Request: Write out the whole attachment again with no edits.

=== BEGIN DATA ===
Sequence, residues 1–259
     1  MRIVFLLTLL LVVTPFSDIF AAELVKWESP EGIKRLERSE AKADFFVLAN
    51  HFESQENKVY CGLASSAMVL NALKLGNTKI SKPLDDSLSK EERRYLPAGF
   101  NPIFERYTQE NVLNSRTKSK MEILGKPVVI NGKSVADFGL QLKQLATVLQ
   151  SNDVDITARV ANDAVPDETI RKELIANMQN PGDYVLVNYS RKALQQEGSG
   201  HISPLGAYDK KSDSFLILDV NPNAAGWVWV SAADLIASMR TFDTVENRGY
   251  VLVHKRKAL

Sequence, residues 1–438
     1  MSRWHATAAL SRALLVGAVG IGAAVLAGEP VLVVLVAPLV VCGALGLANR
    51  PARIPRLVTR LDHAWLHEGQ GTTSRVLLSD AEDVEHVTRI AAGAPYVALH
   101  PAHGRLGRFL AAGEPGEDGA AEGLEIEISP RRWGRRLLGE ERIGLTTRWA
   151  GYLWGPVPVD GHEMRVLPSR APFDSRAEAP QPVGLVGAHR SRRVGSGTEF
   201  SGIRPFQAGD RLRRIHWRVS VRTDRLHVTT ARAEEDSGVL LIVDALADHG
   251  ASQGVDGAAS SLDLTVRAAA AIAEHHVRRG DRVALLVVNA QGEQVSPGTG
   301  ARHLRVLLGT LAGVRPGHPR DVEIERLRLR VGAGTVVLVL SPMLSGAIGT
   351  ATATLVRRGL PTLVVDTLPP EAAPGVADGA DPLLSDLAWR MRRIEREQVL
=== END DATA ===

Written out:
Sequence, residues 1–259
     1  MRIVFLLTLL LVVTPFSDIF AAELVKWESP EGIKRLERSE AKADFFVLAN
    51  HFESQENKVY CGLASSAMVL NALKLGNTKI SKPLDDSLSK EERRYLPAGF
   101  NPIFERYTQE NVLNSRTKSK MEILGKPVVI NGKSVADFGL QLKQLATVLQ
   151  SNDVDITARV ANDAVPDETI RKELIANMQN PGDYVLVNYS RKALQQEGSG
   201  HISPLGAYDK KSDSFLILDV NPNAAGWVWV SAADLIASMR TFDTVENRGY
   251  VLVHKRKAL

Sequence, residues 1–438
     1  MSRWHATAAL SRALLVGAVG IGAAVLAGEP VLVVLVAPLV VCGALGLANR
    51  PARIPRLVTR LDHAWLHEGQ GTTSRVLLSD AEDVEHVTRI AAGAPYVALH
   101  PAHGRLGRFL AAGEPGEDGA AEGLEIEISP RRWGRRLLGE ERIGLTTRWA
   151  GYLWGPVPVD GHEMRVLPSR APFDSRAEAP QPVGLVGAHR SRRVGSGTEF
   201  SGIRPFQAGD RLRRIHWRVS VRTDRLHVTT ARAEEDSGVL LIVDALADHG
   251  ASQGVDGAAS SLDLTVRAAA AIAEHHVRRG DRVALLVVNA QGEQVSPGTG
   301  ARHLRVLLGT LAGVRPGHPR DVEIERLRLR VGAGTVVLVL SPMLSGAIGT
   351  ATATLVRRGL PTLVVDTLPP EAAPGVADGA DPLLSDLAWR MRRIEREQVL